Tuesday, September 27, 2011

Final Drive: Zen and the Art of the Motorcycle Trip

Apologies to readers, as I haven't posted in while. This is part one in a three part series.

Snake River
This article isn't about Zen Buddhism in particular, but it is about a motorcycle trip. A motorcycle trip I had hoped would help clear my mind and be a sort of private Chautauqua in order to give myself a little direction, a little relief and some hope. On Friday, August 19, Ross Chess and I took off on a trip to Crescent City California as I discussed in my last column entitled Anticipation. The day was a nice clear day without threat of storm or other foul weather and we took of from the Kum and Go off exit 117 on I 80 at 7:25 AM. Ross rides a 2010 Goldwing, which is a natural for long distance tours. Our destination for the day was Rawlins Wyoming. Rawlins is a small rural town of 8500 people nestled at 6800 feet above sea level in Carbon County Wyoming, which I call Tom Horn country after the tracker, scout and stock detective. The town of Rawlins itself was named after Union General John Amos Rawlins just because he camped there. If I knew it was that easy, I would have tried that long ago.

Anong's Thai Cuisine
Still, for the short time we were there, it was time well spent. We met with old friends Joel Schneekloth, AKA Waterman, Bob Wittman, AKA Landman and Noel Burke, AKA Badger, who were on their way to the Rally in the Redwoods as we were. We had dinner at a Thai restaurant, Anong's Thai Cuisine on 5th Street. I had the yellow curried chicken with an egg roll and satay for appetizers. It was good, but the curry dish was on the bland side. No pain at all, even though it was listed as a spicy dish. Almost all was well after a night at the local Econolodge, but the RT was a little slow cranking in the morning and required a slight twist of the throttle to get it started. This it turned out, was a remnant from a battery issue I had a couple weeks previous. One night after a terribly hot day, I tried to start my bike and it would not start. I expected some remediation from the dealer I bought the bike from, but did not receive it and that is another story for another column. Anyway, we set off that morning for Twin Falls, Idaho by way of Jackson Hole, Wyoming, while our friends departed on a different route, riding I 80 most of the way and getting off at Winnemucca Nevada. This part of the ride introduced me to a whole new level of what BFE means. Wyoming is not the place you want to screw up by yourself as depending on where you are, no one would find you again. The roads were in decent shape, so as long as we went according to plan, I didn't foresee any problems.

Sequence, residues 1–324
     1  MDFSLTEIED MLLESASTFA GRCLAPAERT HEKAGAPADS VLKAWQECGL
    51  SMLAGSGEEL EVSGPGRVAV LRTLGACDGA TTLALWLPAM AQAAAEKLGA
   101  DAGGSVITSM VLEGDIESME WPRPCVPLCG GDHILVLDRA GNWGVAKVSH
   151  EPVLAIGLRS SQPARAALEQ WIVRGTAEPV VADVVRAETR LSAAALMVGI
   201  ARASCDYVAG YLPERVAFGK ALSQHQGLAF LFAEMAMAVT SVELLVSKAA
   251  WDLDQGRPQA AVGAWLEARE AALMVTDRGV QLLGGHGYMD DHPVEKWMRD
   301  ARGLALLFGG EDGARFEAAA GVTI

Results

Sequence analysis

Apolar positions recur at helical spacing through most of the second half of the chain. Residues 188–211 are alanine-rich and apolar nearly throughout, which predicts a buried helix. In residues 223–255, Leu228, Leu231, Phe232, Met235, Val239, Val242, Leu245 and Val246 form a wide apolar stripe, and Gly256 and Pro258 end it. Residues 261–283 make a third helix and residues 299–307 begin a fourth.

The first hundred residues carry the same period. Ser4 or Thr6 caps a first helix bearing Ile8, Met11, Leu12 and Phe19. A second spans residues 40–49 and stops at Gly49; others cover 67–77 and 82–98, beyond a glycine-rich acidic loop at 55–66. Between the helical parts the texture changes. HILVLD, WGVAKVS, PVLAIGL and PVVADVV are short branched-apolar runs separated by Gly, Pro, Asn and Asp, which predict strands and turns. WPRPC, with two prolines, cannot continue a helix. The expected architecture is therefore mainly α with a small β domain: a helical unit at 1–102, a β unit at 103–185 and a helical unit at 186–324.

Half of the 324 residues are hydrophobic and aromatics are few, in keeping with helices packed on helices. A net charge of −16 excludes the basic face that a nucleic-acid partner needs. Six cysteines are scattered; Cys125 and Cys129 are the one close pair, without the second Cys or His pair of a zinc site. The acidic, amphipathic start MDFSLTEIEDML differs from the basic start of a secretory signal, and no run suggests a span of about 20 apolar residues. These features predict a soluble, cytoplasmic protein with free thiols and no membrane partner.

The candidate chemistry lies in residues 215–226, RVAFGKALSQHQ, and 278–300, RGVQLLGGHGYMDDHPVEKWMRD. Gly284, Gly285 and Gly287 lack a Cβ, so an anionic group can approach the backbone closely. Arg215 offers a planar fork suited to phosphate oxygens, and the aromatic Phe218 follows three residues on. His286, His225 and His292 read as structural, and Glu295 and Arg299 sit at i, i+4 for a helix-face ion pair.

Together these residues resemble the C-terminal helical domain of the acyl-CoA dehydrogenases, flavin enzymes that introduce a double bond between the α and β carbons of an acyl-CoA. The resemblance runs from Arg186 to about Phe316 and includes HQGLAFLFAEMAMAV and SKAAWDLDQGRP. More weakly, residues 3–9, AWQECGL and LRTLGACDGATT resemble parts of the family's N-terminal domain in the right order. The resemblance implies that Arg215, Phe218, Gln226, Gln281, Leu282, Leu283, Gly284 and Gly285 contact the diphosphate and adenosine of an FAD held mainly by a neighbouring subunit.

Jeffrey City
Riding through such towns as Jeffrey City, Muddy Gap, Sweetwater Station, Lamont and Bairoil also brought a sense of the poverty and hopelessness I have seen in other areas of the southwest where Native Americans live. I can't believe anyone would want to live like that in the 21st century in America. Jeffrey City is a boom to bust uranium mining town whose population was 106 in 2000, but 40 to 50 years ago it had a population of several thousand. With the collapse of the Uranium market in the 1970's, the population has since dwindled down to the point that Jeffrey City is for the most part a ghost town.

Going towards Lander on WY 287
As we moved northwest though, the fortunes seemed to change with the landscape. Our route took us on Route 287 to Route 26, which goes through Lander, Dubois and eventually Jackson Hole, which is a very trendy place, reminding me of a western version of the Hamptons. Coming up route 287 to Lander through Kotey Place, the scenery improves with color and terrain and although not as colorful as Sedona Arizona, the light neutral pastels and rock formations offer a welcome change from the sagebush and open range.

The Grand Tetons
As you can see from the photo, there must be some money in that part of Wyoming. The Tetons were stunning, absolutely stunning, showing their granite prominences with patches of snow that give the effect that they thrust through the earth's surface in effort to say "I am".  After an arduous trip the day before, the landscape this day was a reward for the boring prairie of Nebraska and the high plains of southern Wyoming. We were approaching the part of Wyoming that would have been Absaroka, the state that never was with a sense of urgency and determination to get over the Tetons. We had a lot of miles to cover in a short amount of time.

The Purina Check a Mix elevator
in Lander WY.